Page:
In the months since my last post “On Mercy and Redress,” The List : Project to Resettle Iraqi Allies has grown in scope as well as in influence, but it still has a long way to go to fulfill its goals. Kirk W. Johnson, the creator of the Project has testified before congressional committees and appeared on television in order to detail the plight of these Iraqi refugees, as well as the hoops that they and his organization must jump through in order to get them here. He continuously seeks to rally for those colleagues of his that were left behind by the United States Government.
In May, The List Project was featured on 60 Minutes. Johnson expressed the staggering toll that has been meted out to these Iraqis. “The people on my list have been tortured, they’ve been raped, they’ve lost body limbs. There’s one guy on my list who’s been thrown out of a moving vehicle. And all of this because they helped us. They came every single day to try to pitch in, in our efforts there.” It is this tragedy that makes it imperative that we aid those who aided us in Iraq, that we bring them to safety where they no longer have to fear for the loss of their livelihood, and in many cases their lives.
The AP recently reported that the United States allowed 1,721 Iraqi refugees into the country in June, which keeps it on track to accomplish the goal that the administration set to receive 12,000 by the end of the fiscal year. The List Project has also seen an uptick in the number of Iraqis that it has worked to bring here, and is now also working hard to find them opportunity and stability in a new country. Yet the allowance of 12,000 Iraqis into these vast United States is a paltry figure at best, and more must be done to help these Iraqis.
What is clear is that the Iraqi Refugee crisis is still an emergency of the utmost magnitude. It is only just now beginning to receive the press coverage it deserves. Almost every day there is a new person added to The List, someone in desperate need of assistance from the government it helped in Iraq, and from the government who has now increasingly betrayed them in a pile of dusty legal papers and bureaucratic bungling. Take, for instance a recent episode of Dan Rather Reports [video] [click here for transcript] which details one of the many aspects of the bureaucratic nightmare which many Iraqis have to navigate through in order to be allowed into the U.S. According to the report The Patriot act has such a broad definition of terrorism, that it includes within that definition those people who have paid money to terrorist organizations. That is all well and good yet it does not account for many instances in which families have paid ransoms to terrorist organizations in order to save their loved ones. The Department of Homeland Security and congress have to some extent attempted to blunt this trauma, by presenting waivers to some Iraqis, but the process is slow and grueling.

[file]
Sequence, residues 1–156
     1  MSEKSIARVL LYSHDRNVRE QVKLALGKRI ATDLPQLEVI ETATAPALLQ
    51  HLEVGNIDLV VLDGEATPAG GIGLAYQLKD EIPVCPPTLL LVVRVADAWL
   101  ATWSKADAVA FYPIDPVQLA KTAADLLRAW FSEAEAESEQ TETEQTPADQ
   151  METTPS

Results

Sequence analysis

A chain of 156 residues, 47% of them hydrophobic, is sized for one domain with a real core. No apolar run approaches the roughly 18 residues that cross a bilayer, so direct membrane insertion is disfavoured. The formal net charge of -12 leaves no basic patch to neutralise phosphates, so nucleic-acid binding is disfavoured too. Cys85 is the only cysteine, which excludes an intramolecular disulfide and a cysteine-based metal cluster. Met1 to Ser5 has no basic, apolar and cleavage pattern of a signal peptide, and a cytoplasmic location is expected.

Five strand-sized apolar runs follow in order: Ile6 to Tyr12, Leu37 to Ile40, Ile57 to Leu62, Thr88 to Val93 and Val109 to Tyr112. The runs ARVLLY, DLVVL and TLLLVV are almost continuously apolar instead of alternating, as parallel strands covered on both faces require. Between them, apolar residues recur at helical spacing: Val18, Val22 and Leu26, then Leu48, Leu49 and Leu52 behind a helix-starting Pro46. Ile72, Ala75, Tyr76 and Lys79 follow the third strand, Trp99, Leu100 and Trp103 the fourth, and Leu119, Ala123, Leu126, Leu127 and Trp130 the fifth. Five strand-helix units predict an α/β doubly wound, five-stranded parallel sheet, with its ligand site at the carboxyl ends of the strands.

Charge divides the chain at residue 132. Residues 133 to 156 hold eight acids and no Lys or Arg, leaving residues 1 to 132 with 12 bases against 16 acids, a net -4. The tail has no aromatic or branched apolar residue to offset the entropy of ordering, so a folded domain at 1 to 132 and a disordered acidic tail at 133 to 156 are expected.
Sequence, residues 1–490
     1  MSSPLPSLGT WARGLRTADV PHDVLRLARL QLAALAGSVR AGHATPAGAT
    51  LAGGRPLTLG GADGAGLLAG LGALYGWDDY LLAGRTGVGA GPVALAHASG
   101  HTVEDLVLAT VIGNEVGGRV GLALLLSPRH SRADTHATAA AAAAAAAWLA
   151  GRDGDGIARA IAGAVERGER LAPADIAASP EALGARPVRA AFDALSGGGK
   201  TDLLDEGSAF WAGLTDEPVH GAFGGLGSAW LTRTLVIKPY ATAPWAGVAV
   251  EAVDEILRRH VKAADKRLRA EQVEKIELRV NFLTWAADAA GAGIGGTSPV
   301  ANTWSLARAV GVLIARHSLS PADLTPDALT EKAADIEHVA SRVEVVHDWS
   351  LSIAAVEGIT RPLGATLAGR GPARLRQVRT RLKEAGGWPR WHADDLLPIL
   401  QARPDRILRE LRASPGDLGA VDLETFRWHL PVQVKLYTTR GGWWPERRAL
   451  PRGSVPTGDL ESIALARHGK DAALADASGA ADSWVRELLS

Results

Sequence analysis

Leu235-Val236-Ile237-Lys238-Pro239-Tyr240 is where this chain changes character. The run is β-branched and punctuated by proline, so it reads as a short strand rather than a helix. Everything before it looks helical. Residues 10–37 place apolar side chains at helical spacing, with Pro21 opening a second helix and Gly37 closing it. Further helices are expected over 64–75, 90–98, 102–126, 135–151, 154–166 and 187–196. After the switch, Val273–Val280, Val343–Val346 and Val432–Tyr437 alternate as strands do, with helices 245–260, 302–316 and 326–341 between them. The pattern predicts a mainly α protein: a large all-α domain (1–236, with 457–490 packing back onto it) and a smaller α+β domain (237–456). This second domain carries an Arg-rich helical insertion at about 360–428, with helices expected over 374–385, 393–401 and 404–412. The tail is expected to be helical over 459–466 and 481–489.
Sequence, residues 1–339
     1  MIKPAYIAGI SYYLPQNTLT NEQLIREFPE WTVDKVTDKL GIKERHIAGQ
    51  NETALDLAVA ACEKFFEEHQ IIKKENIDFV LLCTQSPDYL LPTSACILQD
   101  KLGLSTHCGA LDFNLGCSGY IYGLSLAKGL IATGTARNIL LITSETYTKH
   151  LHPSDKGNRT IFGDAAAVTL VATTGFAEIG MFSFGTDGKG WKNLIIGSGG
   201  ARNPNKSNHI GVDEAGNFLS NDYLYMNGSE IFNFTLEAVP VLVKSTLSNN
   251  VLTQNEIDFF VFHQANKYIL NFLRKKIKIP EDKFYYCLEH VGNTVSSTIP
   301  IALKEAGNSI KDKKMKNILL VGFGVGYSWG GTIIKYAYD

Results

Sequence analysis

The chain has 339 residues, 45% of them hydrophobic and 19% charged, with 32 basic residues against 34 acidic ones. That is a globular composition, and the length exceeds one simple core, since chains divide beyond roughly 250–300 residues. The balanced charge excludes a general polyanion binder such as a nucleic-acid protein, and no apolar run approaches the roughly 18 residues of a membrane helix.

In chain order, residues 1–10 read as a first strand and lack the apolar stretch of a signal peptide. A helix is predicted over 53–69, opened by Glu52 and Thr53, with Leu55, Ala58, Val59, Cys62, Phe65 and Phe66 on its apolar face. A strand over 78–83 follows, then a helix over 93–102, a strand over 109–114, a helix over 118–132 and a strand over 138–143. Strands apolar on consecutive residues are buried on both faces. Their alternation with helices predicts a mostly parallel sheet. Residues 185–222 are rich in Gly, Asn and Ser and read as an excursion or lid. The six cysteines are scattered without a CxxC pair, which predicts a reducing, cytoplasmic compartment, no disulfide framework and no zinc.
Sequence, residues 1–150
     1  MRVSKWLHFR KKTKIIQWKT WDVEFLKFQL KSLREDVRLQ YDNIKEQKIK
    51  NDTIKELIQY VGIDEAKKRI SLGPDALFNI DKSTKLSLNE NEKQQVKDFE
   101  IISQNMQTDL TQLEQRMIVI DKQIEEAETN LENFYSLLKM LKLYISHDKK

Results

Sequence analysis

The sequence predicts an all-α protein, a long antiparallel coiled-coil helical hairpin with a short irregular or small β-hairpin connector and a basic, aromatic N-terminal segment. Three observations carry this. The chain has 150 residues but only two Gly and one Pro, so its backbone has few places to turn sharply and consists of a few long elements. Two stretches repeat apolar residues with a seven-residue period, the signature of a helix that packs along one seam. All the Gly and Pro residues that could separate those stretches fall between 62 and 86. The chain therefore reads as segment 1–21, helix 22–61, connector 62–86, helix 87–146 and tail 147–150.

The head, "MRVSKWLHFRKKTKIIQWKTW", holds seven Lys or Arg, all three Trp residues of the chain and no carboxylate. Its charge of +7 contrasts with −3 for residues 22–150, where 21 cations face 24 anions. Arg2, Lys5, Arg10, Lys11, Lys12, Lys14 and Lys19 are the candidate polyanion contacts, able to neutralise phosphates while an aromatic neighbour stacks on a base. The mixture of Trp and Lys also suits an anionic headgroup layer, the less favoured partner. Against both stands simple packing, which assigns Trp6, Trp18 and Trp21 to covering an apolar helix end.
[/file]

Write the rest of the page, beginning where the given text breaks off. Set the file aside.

Now, in order to make the most of the recent press as well as to get out the word of the organization, The List Project has created a Netroots program which seeks to bring people together in a social networking experiment (vis a vis Myspace). Its goal is to develop upon recent successes, and create tangible groups that will eventually meet together and work to sponsor Iraqi Refugees coming to the United States. It will also continue the organizations push to make the U.S. government act more quickly in order to process these Iraqis. By expanding the reach of the organization, It can therefore extend its advocacy programs and make more inroads at solving this continuing crisis.
The Department of State, and the Department of Homeland Security should not be allowed to sit casually by as this crisis deepens, as more lives are lost, as more families are separated and torn apart by the war. Although there is some movement in the process, more must be done, and more can be done to help a struggling community of refugees build back up the shattered temple of their dreams.
If you are interested in Joining The List Project Netroots, please go to Netroots/thelistproject.org
Undergraduate in History and International Studies University of Iowa